I guess what I'd be asking here is, what pistons are you going to be using to build some compression into a 283? It's really hard to build any kind of CR with these short stroke/small bore engines, especially once you throw a pair of 64 cc chamber, or larger, cc heads on the short block. In fact, most 283's were low CR engines; even the dual quad/fuel injection engines had barely over 9:1 CR . Most 283, Power Pack heads had around 60 cc chambers, but some of the truck "Power Packs" (why even call them that?) had 70 cc chambers (to use really cheap, fleet type, gas), a real CR killer. The smallest chamber 1956 Power Pack head had 56.6 cc chambers, but they also had a very restrictive "trough", between the valves. If you don't have some rather large, domed pistons, along with steel shim head gaskets, serious block decking/head milling, building a 283 is really, all for not; the industry no longer makes readily available, decently priced, performance parts for an engine that has't been made in over 50 years. Now, I do have my fair share of 265 AND 283 engines (3 of them), but I've also been collecting the RIGHT parts for 30 years or so. I think the "average" guy, who wants to build a 283, should start with a post 1962 block, use a small journal 327 crank for the added stroke (='s a slightly higher CR), deck the block, mill the heads, use steel shim head gaskets, and use no more than 2 valve relief, flat top, pistons; preferably a small domed piston, but that also means taking the bore to the 327's 4". It's a LOT easier to find performance 327 pistons than it is to find 283 pistons, without paying a premium for race type pistons, if you can even find them. Then, just point out the 283 casting number and Power Pack heads, to sell the idea of it being a "283". My personal advice, is to stay away from the 64 cc and larger chamber heads, and don't get carried away on valve sizes that you just don't need on a street car. ALL my 265 and 283 Power Pack heads have 1.84" intake valves (see, the 305's were good for something), NO hardened seats for the amount of time they're run, Z-28 style spring kits, and just a little bowl/port work. I remember, when I was in high school (66-69), 283's were the engine everyone wanted, but few that could actually afford to build; now it's finding the right parts, without breaking the build, bank account. I am Butch/56sedandelivery.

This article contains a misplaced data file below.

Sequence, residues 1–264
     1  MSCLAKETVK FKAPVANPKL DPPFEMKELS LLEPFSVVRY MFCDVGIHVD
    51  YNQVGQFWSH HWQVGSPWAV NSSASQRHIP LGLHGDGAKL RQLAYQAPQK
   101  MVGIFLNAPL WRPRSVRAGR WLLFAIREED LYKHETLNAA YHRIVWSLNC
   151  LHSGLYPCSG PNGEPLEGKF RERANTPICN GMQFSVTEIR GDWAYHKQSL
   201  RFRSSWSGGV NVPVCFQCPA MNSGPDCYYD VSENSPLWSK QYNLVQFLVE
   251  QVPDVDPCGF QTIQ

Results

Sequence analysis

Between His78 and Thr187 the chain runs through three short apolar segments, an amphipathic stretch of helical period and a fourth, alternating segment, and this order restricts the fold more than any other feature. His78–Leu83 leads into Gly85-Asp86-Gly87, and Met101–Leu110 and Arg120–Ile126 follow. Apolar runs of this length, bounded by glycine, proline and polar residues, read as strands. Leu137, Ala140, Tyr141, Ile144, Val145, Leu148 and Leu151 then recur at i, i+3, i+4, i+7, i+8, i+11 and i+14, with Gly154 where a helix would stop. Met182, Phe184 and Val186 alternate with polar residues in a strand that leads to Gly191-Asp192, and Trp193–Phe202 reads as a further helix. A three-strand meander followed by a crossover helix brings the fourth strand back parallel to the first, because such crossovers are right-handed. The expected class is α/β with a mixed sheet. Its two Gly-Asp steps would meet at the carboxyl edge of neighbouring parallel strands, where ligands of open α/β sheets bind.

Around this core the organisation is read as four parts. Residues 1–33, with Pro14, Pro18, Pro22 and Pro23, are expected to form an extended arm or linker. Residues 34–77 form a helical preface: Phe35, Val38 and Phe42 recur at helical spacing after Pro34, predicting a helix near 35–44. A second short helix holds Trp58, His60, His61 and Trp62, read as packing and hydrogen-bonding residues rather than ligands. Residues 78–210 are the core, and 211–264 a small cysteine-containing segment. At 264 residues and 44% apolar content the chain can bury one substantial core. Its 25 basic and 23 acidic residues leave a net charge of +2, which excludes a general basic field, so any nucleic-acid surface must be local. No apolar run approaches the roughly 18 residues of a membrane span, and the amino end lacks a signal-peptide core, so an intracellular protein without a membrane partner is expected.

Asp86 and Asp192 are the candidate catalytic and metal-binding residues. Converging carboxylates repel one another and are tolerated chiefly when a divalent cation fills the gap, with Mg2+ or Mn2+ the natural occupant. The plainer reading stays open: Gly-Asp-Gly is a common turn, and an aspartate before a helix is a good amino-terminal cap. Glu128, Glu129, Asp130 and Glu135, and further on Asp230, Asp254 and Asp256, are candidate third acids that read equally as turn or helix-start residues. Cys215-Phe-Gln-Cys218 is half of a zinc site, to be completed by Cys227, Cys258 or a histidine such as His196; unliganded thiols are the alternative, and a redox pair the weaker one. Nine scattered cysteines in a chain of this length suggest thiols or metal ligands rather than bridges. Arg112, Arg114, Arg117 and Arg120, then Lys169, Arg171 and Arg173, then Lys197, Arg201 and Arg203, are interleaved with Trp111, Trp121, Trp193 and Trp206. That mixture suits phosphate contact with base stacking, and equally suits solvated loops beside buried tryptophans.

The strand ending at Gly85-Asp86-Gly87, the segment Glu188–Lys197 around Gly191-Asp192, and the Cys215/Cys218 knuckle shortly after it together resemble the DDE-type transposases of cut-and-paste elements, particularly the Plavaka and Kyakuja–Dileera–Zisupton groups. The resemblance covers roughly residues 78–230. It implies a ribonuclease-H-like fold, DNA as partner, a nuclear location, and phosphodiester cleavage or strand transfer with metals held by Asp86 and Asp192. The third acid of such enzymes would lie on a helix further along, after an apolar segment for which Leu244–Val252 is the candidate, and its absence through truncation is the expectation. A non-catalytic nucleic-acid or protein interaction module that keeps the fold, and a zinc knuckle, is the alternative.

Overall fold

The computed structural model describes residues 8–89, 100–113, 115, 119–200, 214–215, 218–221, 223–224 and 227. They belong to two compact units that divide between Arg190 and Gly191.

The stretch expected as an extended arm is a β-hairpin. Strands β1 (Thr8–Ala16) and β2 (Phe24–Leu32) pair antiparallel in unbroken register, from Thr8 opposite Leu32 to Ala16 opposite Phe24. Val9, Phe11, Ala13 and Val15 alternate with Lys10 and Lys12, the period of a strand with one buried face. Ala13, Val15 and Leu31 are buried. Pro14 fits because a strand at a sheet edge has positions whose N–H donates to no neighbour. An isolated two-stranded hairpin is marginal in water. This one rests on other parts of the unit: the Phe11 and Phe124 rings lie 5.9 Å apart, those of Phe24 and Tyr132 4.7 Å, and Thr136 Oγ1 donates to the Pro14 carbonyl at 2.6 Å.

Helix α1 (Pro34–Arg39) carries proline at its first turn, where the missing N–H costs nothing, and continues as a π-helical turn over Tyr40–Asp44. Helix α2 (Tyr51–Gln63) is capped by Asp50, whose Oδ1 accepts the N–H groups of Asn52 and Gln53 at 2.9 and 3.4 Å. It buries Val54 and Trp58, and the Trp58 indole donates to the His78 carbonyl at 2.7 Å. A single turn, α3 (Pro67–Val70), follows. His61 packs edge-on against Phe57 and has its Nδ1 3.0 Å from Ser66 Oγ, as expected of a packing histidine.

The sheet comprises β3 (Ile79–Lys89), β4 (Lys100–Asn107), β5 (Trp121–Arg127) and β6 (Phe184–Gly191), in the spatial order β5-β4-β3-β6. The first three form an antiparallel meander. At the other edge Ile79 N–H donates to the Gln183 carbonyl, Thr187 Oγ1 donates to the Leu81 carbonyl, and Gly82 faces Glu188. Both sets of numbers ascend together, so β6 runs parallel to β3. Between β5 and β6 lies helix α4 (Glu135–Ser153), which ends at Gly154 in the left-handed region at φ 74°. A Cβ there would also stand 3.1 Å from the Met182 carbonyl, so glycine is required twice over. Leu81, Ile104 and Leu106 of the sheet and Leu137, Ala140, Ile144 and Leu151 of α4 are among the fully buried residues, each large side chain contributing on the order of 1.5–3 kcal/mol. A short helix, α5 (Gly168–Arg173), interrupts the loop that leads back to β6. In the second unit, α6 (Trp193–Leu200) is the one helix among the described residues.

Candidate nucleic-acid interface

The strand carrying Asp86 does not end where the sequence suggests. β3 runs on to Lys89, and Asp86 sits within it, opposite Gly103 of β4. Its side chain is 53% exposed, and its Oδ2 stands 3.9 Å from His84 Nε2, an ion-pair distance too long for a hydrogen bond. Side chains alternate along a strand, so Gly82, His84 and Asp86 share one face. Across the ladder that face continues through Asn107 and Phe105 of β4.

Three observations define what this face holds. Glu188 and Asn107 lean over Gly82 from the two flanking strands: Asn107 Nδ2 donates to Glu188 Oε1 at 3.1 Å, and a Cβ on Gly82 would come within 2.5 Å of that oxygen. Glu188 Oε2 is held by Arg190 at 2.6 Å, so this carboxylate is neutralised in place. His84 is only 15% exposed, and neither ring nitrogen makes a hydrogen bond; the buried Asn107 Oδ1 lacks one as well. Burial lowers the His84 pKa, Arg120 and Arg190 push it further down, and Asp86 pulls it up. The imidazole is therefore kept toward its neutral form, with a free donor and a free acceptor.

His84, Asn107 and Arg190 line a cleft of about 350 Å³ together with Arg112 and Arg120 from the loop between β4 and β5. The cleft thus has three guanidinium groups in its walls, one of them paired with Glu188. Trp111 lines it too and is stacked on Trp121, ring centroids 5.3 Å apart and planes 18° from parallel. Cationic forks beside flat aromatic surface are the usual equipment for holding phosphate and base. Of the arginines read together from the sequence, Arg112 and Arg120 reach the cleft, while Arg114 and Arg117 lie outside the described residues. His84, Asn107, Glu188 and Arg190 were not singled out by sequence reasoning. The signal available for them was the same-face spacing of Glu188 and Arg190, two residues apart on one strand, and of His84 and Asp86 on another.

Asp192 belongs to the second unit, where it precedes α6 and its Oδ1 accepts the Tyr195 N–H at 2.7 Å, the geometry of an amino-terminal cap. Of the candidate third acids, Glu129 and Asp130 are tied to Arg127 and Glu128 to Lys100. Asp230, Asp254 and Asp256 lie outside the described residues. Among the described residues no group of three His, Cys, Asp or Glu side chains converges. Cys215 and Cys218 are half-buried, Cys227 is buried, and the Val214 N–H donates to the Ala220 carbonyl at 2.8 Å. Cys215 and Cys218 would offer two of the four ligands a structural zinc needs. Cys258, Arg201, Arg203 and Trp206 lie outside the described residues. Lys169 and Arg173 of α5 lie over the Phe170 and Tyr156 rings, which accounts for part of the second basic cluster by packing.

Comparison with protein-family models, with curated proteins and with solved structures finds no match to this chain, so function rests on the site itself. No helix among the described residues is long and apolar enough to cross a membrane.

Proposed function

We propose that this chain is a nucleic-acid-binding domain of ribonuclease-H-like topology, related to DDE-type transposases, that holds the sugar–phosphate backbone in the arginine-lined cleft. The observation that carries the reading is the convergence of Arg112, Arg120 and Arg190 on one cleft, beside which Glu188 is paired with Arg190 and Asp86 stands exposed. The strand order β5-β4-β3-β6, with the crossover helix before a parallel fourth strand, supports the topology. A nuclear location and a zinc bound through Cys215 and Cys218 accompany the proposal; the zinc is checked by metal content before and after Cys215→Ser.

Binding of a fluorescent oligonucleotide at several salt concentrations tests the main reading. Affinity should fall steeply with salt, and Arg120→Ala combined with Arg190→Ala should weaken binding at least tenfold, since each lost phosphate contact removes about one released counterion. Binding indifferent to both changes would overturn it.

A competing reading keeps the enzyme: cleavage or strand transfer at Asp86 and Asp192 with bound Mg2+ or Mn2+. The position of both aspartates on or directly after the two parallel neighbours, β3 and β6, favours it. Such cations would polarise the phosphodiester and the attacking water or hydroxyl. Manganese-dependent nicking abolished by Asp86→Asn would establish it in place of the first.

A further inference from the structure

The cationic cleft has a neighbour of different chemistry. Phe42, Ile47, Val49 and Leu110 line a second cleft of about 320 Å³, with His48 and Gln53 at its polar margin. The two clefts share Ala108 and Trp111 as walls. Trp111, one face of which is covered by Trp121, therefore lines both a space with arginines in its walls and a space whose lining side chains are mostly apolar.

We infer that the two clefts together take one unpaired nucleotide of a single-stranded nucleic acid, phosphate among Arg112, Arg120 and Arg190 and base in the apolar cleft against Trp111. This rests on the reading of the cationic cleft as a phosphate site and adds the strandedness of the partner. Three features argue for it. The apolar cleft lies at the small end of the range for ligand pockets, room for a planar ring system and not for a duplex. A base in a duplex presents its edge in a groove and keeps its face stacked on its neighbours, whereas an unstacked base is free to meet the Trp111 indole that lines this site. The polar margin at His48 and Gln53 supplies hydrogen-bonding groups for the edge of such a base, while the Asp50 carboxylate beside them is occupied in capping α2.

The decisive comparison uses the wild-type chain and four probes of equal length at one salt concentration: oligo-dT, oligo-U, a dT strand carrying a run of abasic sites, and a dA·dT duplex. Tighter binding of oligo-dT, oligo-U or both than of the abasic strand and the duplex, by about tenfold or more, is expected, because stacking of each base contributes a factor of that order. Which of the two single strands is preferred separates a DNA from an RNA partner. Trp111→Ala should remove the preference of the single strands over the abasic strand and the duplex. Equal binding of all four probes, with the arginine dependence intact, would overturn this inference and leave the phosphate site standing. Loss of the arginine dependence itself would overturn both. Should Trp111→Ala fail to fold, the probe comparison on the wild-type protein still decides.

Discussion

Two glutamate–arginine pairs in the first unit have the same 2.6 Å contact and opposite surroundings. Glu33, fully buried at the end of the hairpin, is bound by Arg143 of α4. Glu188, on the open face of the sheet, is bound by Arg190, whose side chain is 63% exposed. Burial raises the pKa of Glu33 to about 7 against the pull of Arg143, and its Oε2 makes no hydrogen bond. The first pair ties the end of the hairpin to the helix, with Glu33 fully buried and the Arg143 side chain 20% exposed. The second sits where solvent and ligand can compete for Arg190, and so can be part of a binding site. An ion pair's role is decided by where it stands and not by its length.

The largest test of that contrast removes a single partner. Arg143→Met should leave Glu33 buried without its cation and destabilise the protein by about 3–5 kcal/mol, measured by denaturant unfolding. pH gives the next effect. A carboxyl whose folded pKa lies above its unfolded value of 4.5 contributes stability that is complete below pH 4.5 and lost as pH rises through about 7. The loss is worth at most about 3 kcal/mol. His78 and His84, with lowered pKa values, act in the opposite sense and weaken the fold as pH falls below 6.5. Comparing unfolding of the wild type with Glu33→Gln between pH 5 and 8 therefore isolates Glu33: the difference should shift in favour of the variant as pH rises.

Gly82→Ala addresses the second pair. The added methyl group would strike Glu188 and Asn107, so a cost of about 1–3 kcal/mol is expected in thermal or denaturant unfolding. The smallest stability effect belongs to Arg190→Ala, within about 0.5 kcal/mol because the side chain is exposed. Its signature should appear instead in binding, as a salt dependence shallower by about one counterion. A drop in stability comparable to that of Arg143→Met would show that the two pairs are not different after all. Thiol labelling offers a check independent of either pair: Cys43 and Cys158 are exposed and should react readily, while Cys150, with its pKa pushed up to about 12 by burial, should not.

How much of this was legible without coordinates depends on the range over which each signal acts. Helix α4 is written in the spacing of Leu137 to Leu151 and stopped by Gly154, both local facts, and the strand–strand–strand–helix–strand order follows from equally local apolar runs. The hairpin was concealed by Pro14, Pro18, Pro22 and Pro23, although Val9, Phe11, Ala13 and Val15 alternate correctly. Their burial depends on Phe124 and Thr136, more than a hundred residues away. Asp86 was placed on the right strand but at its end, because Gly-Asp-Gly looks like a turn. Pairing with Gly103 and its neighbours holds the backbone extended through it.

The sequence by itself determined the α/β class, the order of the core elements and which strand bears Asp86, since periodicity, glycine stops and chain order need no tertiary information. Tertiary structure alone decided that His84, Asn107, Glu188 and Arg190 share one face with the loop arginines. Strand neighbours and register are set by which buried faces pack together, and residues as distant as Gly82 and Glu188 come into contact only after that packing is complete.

Isn't 9:1 CR approaching the limit you can run on available gas these days? Less than 10:1 anyway? Maybe add some water injection for higher ratios? I don't know, just asking.